There are custards in most every culture, but we have the French to thank for the glorious Crème Brûlée. An unpretentious custard baked until just set, then finished by caramelizing sugar on it’s surface until there is a crunchy, caramelized crust encapsulating the cream below. We find beauty in the simplicity of using only four ingredients in our custard: cream, sugar, egg yolks and fine Tahitian vanilla beans – and create effortless transport by baking in a buttery short crust.
Feuilletage is what separates the men from the boys around the bread table. Bakers lust after it. Patrons crave it. It’s what turns an ordinary bakery into a destination.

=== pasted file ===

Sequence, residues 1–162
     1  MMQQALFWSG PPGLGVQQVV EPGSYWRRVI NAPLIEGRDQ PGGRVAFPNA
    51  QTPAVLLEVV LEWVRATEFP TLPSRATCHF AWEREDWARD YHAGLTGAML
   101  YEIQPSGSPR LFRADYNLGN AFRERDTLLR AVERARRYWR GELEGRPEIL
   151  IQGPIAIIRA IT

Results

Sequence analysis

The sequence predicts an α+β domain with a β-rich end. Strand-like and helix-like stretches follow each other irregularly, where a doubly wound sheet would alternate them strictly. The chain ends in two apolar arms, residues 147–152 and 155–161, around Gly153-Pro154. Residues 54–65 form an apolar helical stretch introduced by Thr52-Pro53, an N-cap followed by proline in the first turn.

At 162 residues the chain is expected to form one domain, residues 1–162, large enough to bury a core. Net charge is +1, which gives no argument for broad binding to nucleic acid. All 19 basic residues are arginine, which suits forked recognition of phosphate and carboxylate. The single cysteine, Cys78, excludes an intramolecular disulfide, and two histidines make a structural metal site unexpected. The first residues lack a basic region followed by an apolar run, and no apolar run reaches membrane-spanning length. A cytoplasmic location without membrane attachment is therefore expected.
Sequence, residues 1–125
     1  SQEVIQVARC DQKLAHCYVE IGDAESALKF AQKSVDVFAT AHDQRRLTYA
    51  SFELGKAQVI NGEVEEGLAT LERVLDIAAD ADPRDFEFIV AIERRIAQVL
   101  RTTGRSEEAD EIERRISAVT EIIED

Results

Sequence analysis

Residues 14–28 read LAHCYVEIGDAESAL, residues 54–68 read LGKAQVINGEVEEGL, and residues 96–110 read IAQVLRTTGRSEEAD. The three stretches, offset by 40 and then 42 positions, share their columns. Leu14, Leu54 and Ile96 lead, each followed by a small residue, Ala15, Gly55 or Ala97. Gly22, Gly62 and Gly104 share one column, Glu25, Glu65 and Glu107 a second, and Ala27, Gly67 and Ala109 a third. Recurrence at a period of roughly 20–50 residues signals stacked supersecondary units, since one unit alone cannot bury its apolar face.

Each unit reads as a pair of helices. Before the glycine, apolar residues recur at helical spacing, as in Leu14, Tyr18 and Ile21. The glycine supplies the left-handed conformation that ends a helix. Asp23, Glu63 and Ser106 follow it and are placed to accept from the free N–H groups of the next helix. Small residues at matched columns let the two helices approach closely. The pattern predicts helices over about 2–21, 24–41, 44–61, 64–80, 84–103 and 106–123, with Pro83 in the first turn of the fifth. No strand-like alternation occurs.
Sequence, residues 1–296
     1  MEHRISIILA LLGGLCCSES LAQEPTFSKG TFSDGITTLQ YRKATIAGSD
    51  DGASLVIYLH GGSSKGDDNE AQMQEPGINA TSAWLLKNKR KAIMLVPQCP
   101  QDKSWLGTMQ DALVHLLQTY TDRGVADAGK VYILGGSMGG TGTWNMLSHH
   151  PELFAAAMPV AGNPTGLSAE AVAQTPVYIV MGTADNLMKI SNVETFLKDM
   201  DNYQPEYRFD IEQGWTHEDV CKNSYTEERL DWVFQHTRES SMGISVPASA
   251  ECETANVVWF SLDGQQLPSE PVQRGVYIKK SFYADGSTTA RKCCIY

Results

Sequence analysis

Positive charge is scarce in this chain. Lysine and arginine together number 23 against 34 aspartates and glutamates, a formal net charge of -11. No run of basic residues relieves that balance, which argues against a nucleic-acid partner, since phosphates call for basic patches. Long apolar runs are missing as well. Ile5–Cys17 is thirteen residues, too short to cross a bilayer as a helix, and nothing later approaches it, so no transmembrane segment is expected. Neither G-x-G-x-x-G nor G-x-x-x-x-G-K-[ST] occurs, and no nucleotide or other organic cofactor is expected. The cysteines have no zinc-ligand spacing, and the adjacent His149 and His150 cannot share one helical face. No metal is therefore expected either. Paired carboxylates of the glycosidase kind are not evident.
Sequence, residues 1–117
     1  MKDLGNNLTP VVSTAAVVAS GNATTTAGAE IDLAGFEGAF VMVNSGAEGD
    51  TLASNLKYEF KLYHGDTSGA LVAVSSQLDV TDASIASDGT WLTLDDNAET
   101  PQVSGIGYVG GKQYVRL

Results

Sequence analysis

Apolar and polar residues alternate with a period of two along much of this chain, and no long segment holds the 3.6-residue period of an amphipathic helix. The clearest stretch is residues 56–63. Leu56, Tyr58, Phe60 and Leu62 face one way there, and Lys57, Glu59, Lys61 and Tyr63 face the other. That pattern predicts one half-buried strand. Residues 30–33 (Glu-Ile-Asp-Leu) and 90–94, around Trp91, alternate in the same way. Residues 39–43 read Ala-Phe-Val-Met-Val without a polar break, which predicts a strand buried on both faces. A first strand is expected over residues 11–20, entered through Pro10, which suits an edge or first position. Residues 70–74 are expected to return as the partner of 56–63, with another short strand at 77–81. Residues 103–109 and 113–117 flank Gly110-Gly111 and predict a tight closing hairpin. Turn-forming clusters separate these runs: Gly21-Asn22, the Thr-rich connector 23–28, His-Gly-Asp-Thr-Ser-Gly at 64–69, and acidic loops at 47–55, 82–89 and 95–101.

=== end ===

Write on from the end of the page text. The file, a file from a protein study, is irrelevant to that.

In laminated doughs, the feuilletage is the coveted complex formation of thin “leaves” that develop when the butter that has been rolled and folded numerous times into a simple dough begins to steam in the oven. The evaporation of the water molecules in the butter create steam and lift the hundreds of layers of dough, which then crisp and bake. This process gives croissants, pain au chocolat and puff pastry their signature flaky, light, crisp and buttery structure.
If you have ever had Viennoiserie that is heavy and dense, it’s probable that the laminating process is flawed. There are many critical steps to achieving the perfect feuilletage. If the room is two degrees too warm, if the folds aren’t perfect and if the product is over or under proofed, it is detrimental to the integrity of the product.
Laminating dough is an absolute art form. This process is all based on technique, skill and attention to detail. Without patience and experience, there’s no faking the feuilletage.